4) Finally, because this appears to be a really weird pilot-light circuit, I wouldn't substitute a non-OEM-spec light bulb without careful consideration. The resistor may be there only to improve bulb life by reducing its cold inrush current, or it may be needed to actually reduce the supply voltage to meet a particular bulb's spec. In the latter case, its value will be intimately related to the light bulb's current-consumption spec, which we don't know. Using the wrong bulb could smoke the resistor. Sight-unseen, I wouldn't recommend making this type of repair without a service manual at hand (which you can order by calling the manufacturer's parts department).
     
  4. Jay H

    Jay H Producer

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    Bill W, I would but the lead closest to the bulb is shielded by some shrink wrap. Both leads are soldered to two posts connected to the main board so I convieniently used those.

    John, yup, it's a tan resistor kind of about 1.5-2mm in diameter. I do happen to have a cheap RS multimeter set to the 50v AC scale.. I did it a couple times but perhaps the meter isn't calibrated right. In either case, I'm still awaiting HK's response and failing that will try to see if I can order the part from my local authorized service center. I presume they must have or have available the service manual and can simply order the part by phone and I can come pick it up. Too bad it isn't socketed, I guess they don't expect to replace it for some reason.

    Thanks guys!

    Jay
     
  5. Holadem

    Holadem Lead Actor

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    Jay said

     
  6. John Miles

    John Miles Stunt Coordinator

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    Well, he did say the bulb was burned out. So yes, right now, the voltage across the bulb is the same as the voltage across the bulb and resistor. [​IMG]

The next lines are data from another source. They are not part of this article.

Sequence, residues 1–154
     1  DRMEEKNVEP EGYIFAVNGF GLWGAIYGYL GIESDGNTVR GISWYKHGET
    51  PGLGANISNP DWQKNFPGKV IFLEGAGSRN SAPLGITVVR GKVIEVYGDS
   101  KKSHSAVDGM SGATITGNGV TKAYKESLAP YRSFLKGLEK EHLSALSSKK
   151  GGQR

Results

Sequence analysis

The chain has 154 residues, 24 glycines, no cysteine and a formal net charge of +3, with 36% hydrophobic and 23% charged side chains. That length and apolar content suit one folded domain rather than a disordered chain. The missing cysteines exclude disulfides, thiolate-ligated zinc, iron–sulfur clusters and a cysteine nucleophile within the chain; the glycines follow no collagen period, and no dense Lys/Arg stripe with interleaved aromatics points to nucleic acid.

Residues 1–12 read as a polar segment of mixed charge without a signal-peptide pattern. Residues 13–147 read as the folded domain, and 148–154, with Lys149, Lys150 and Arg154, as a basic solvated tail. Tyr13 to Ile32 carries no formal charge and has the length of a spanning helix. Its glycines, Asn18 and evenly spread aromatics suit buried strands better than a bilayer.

7. Jay H

    Jay H Producer

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    Well, after talking to an authorized service center, a new light bulb (official HK part) will be $4.95 + shipping, however it would seem silly to me to pay shipping that is probably more than the cost of the unit. So I decided to call HK since the service center couldn't tell me the specs on the bulb. I call Harmon International in Long Island (owners of JBL, Harmon Kardon, Infinity...) and they tell me it's a 14V bulb and also give me a parts number just in case. I am gonna go to my local electronics store and see if I can find a 14v bulb with enough wattage to work. Anybody see a problem with this? I was recommended by some people to see if any automotive lightbulb might work if autos use 14v bulbs.. But anyway, wish me luck and I'm open to any guesses or suggestions of what wattage to try to find!

    Jay
     
  8. John Miles

    John Miles Stunt Coordinator

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    Again, assuming there's a resistor in series with the bulb, the current drain (or the wattage, assuming you're comparing two 14V bulbs) does need to match. Matching the physical size of the bulb may not be enough.

    I think you made a bad call by not taking them up on the $4.95+shipping. How much is your time worth that you'll spend combing the shelves at RS and various other stores for a part that may not be correct?